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Technical Analysis

What Is Technical Analysis?

Technical analysis is the key for traders or for short-term investors. Technical analysis is a tool used to identify trading opportunities in the market based upon participants' actions. The actions of the crowd can be visible with the patterns or charts formed over the years. In technical analysis, we try to analyze the psychology of the mass by interpreting price action & volume.

Technical analysts consider the following major types of indicators in general:

  1. Oscillators

  2. Moving averages

  3. Price trends

  4. Chart patterns

  5. Volume and momentum indicators

  6. Support and resistance levels


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Understanding Technical Analysis

The advantage of technical analysis is that you can apply it to any financial asset once you learn about it, unlike in fundamental analysis, where you cannot use the same tools for shares & commodities.

For example, you study financial statements for a share, whereas, for agricultural commodities, you consider factors like monsoon, harvest, demand, supply, etc.

Technical analysis is frequently used to produce short-term trading signals using various charting tools, but it may also be used to improve the analysis of a security's strength or weakness in relation to the larger market or one of its sectors. This data aids analysts in bettering their overall valuation estimate.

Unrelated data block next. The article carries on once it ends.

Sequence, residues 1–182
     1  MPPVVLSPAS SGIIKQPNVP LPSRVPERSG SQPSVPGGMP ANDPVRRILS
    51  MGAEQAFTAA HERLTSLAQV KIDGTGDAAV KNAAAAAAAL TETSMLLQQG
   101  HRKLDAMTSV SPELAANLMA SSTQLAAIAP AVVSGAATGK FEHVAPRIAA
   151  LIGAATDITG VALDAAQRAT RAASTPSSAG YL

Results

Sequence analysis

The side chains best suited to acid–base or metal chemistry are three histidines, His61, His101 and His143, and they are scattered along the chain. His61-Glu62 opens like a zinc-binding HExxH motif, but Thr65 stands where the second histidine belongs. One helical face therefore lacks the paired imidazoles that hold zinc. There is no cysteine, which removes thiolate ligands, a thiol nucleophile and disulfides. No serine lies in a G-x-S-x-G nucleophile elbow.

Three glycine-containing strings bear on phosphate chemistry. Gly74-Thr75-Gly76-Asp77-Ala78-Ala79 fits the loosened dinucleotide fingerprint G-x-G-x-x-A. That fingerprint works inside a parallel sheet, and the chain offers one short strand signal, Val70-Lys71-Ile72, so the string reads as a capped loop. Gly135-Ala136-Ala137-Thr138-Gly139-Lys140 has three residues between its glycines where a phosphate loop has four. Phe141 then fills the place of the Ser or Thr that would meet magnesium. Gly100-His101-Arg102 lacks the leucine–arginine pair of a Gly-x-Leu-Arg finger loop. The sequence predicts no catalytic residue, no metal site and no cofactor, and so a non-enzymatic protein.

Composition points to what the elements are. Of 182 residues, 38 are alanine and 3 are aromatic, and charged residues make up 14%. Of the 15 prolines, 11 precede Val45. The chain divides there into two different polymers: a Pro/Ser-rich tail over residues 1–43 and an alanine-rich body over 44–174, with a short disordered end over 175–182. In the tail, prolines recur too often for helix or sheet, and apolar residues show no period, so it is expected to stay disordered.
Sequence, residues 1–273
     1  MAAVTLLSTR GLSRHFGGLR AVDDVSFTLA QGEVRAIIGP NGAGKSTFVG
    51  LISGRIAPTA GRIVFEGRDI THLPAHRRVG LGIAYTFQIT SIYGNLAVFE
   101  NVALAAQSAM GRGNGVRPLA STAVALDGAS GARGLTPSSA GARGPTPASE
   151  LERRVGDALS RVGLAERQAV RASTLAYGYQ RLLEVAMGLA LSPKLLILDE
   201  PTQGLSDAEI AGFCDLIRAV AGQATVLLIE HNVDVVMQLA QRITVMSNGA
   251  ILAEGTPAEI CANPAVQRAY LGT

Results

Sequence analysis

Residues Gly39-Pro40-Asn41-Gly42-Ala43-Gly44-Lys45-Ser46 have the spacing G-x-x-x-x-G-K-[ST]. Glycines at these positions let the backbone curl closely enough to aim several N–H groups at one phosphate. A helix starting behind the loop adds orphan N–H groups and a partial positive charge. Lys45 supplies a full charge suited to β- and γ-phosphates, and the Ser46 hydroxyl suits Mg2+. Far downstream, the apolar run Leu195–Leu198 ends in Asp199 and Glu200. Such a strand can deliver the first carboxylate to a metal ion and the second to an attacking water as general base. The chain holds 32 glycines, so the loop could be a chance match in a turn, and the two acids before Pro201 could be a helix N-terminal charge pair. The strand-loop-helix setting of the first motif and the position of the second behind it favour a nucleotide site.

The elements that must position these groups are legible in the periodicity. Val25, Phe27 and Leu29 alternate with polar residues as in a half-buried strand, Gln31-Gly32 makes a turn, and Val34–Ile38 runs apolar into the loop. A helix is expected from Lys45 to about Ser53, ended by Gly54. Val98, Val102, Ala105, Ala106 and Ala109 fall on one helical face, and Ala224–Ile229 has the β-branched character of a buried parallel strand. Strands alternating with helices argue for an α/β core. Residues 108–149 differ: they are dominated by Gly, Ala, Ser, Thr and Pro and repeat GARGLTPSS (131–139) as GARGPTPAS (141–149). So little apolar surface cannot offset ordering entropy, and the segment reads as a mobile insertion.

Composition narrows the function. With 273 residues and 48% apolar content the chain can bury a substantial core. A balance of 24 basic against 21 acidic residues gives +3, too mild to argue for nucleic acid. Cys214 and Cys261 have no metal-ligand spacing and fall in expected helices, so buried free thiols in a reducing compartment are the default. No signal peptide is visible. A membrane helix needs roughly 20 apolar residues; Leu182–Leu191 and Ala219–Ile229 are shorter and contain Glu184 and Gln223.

Any security with past trading data can benefit from technical analysis. Stocks, futures, commodities, fixed-income, currencies, and other securities fall under this category. Technical analysis is far more common in commodities and FX markets, where traders are more concerned with short-term price swings.

When combined with proper investing or trading criteria, technical analysis assumes that historical trading activity and price variations of security can be valuable indicators of the security's future price movements. Technical analysis is frequently used in conjunction with other types of study by professional analysts. While retail traders may make conclusions entirely based on a security's price charts and other statistics, professional stock analysts rarely limit their research to fundamental or technical analysis.

Technical analysis aims to predict the price movement of nearly any tradable instrument subject to supply and demand pressures, such as stocks, bonds, futures, and currency pairs. In fact, some people consider technical analysis to be nothing more than the study of supply and demand forces as represented in a security's market price movements. Although price fluctuations are the most typical focus of technical analysis, some analysts examine other metrics as well, such as trade volume or open interest.


Technical analysis is a trading discipline that uses price trends and patterns on charts to evaluate investments and uncover trading opportunities. Past trading activity and price variations of an asset, according to technical analysts, might be useful predictors of future price movements. Fundamental analysis, on the other hand, is concerned with a company's financials rather than historical price patterns or stock movements.

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